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13. The Views Of The Erewhonians Concerning Death
The Erewhonians regard death with less abhorrence than disease. If it is an offence at all,
it is one beyond the reach of the law, which is therefore silent on the subject; but they
insist that the greater number of those who are commonly said to die, have never yet been
born--not, at least, into that unseen world which is alone worthy of consideration. As
regards this unseen world I understand them to say that some miscarry in respect to it
before they have even reached the seen, and some after, while few are ever truly born into
it at all--the greater part of all the men and women over the whole country miscarrying
before they reach it. And they say that this does not matter so much as we think it does.
As for what we call death, they argue that too much has been made of it. The mere
knowledge that we shall one day die does not make us very unhappy; no one thinks that
he or she will escape, so that none are disappointed. We do not care greatly even though
we know that we have not long to live; the only thing that would seriously affect us
would be the knowing--or rather thinking that we know-- the precise moment at which
the blow will fall. Happily no one can ever certainly know this, though many try to make
themselves miserable by endeavouring to find it out. It seems as though there were some
power somewhere which mercifully stays us from putting that sting into the tail of death,
which we would put there if we could, and which ensures that though death must always
be a bugbear, it shall never under any conceivable circumstances be more than a bugbear.
For even though a man is condemned to die in a week's time and is shut up in a prison
from which it is certain that he cannot escape, he will always hope that a reprieve may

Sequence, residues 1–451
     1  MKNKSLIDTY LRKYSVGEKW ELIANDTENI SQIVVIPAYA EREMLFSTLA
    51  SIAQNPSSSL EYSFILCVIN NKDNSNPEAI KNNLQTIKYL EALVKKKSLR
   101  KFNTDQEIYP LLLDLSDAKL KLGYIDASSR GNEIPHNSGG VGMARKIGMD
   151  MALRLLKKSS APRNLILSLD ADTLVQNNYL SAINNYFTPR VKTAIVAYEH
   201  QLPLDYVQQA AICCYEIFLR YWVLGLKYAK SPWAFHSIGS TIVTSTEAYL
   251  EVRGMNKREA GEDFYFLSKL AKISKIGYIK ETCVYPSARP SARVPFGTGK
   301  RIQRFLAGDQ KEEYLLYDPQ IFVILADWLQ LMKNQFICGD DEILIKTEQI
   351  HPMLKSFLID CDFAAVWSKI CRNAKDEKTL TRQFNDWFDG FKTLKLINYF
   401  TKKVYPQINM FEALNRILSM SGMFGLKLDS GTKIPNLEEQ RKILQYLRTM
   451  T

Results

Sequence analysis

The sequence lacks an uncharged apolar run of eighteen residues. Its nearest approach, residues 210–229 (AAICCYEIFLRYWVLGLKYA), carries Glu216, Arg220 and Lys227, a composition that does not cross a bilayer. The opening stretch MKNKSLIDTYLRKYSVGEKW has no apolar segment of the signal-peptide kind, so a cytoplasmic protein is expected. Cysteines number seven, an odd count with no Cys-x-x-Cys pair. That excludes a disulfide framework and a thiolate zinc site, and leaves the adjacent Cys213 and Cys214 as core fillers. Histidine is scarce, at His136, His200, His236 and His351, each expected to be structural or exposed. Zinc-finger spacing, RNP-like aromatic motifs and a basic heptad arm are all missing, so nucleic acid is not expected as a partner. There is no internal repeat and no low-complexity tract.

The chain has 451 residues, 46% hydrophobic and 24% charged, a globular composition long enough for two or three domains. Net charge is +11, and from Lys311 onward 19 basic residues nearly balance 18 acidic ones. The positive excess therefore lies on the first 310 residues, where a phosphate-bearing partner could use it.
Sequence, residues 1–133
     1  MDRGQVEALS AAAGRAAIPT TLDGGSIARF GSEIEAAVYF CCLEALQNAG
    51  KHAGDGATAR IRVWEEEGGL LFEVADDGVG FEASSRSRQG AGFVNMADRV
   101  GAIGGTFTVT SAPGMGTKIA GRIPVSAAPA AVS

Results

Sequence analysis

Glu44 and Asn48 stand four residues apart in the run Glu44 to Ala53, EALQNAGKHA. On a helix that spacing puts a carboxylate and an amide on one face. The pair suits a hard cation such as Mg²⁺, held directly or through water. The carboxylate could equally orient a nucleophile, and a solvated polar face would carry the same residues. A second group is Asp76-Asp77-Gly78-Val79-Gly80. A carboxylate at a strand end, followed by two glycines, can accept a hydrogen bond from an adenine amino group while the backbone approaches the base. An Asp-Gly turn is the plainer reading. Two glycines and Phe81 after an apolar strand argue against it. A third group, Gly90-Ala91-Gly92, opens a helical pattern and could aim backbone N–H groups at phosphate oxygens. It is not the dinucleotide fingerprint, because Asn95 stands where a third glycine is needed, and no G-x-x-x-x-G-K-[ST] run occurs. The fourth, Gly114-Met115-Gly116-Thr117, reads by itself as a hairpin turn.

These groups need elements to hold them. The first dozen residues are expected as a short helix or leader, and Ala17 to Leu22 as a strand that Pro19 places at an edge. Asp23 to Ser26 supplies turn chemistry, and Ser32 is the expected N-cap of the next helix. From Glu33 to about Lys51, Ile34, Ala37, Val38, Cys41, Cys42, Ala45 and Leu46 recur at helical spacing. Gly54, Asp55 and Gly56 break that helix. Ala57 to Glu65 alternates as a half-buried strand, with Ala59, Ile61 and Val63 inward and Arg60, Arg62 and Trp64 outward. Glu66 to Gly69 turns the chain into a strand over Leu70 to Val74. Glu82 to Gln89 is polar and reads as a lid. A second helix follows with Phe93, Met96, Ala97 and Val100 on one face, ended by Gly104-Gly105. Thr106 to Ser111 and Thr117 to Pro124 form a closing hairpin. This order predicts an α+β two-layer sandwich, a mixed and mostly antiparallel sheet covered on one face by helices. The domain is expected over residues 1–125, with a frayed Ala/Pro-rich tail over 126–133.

come before the week is over. Besides, the prison may catch fire, and he may be
suffocated not with a rope, but with common ordinary smoke; or he may be struck dead
by lightning while exercising in the prison yards. When the morning is come on which
the poor wretch is to be hanged, he may choke at his breakfast, or die from failure of the
heart's action before the drop has fallen; and even though it has fallen, he cannot be quite
certain that he is going to die, for he cannot know this till his death has actually taken
place, and it will be too late then for him to discover that he was going to die at the
appointed hour after all. The Erewhonians, therefore, hold that death, like life, is an affair
of being more frightened than hurt.
They burn their dead, and the ashes are presently scattered over any piece of ground
which the deceased may himself have chosen. No one is permitted to refuse this
hospitality to the dead: people, therefore, generally choose some garden or orchard which
they may have known and been fond of when they were young. The superstitious hold
that those whose ashes are scattered over any land become its jealous guardians from that
time forward; and the living like to think that they shall become identified with this or
that locality where they have once been happy.
They do not put up monuments, nor write epitaphs, for their dead, though in former ages
their practice was much as ours, but they have a custom which comes to much the same
thing, for the instinct of preserving the name alive after the death of the body seems to be